the House and Senate and several veterans' organizations
participated in the powwow. Representing the Department
of Defense, Navy Lt. Cmdr. Rod Hill told the gathering that
DoD' observance of Native American Heritage Month reaffirms
the country and armed forces' "commitment to acknowledging
Native American contributions and honoring the unique heritage
of this continent's first inhabitants."
Decked out in colorful
outfit with feather bustles, a performer does an elaborate,
fast-paced dance during the National Native American
Veterans Powwow in Upper Marlboro, Md.
"There's no question that many of you here
today, as well as your forefathers, helped build today's
unparalleled military force," said Hill, commander of the
Navy element at the Defense Information School, Fort Meade,
Md. "You have served with honor and distinction in every
major conflict throughout our history."
The services have recognized Native American
heroism in the past. According to Hill, the War Department
awarded two Medals of Honor, 51 Silver Stars, 34 Distinguished
Flying Crosses, 47 Bronze Stars and 71 Air Medals to Native
Americans during World War II.
Hill also said that the heritage month observance
provides the military the opportunity to remind service
members about such heroes as Billy Walkabout -- the most
decorated American Indian soldier of the Vietnam War
who earned the Distinguished Service Cross, five Silver
Stars and five Bronze Stars.
Historically, Native Americans have the highest
record of military service per capita when compared to other
ethnic groups. Today, there are nearly 190,000 American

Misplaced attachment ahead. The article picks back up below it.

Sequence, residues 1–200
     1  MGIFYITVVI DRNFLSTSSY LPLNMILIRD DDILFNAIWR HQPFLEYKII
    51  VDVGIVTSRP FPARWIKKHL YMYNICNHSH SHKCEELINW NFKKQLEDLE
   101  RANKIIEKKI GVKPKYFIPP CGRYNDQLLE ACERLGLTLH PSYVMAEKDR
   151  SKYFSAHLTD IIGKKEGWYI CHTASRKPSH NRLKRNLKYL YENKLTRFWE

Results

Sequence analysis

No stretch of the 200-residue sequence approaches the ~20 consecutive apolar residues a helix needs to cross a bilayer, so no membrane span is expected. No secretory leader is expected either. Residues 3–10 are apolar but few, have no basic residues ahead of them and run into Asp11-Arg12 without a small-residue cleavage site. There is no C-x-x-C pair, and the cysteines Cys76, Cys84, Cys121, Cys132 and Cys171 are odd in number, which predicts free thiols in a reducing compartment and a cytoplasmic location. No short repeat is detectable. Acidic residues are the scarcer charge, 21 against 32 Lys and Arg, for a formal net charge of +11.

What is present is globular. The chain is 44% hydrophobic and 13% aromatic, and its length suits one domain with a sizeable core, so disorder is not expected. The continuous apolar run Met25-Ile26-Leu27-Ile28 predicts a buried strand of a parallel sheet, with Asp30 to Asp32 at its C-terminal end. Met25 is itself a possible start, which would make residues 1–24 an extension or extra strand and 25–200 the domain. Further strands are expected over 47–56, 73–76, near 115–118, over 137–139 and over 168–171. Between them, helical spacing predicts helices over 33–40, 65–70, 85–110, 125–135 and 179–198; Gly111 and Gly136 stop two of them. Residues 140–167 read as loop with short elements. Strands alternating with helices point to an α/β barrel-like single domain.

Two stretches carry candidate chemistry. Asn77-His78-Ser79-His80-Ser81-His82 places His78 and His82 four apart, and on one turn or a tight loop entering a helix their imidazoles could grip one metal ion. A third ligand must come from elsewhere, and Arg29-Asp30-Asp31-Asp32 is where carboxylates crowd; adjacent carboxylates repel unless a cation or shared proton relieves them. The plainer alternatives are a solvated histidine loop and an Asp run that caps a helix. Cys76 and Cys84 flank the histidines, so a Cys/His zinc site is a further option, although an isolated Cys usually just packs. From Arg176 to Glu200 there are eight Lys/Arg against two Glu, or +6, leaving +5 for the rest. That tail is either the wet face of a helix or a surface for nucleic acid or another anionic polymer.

Indians and Alaska Natives military veterans, according
to DoD statistics. Citing that statistic, Hill noted that
Native Americans today represent 1 percent of the Navy's
total strength, which equals about 4,700 men and women serving
on active duty and in the Reserves.
Speaking on the second day of the powwow and
providing an additional historical perspective, Marine Corps
Col. John D. LeHockey said, "During the American Revolution,
the Oneida and Tuscaroa nations, and members of the Six
Nations Confederacy, sided with the colonists. During the
Civil War, Indians fought on both sides, and, in 1898, they
joined Teddy Roosevelt's Rough Riders in the charge on San
Juan Hill. In World War I, 12,000 Indian men and women served,
and that number more than doubled in World War II to more
More than 10 percent of the Native American
population, or one-third of all able-bodied Indian men from
18 to 50 years of age saw service during World War II, said
LeHockey, commander of the Officer Candidates School at
Marine Corps Base Quantico, Va.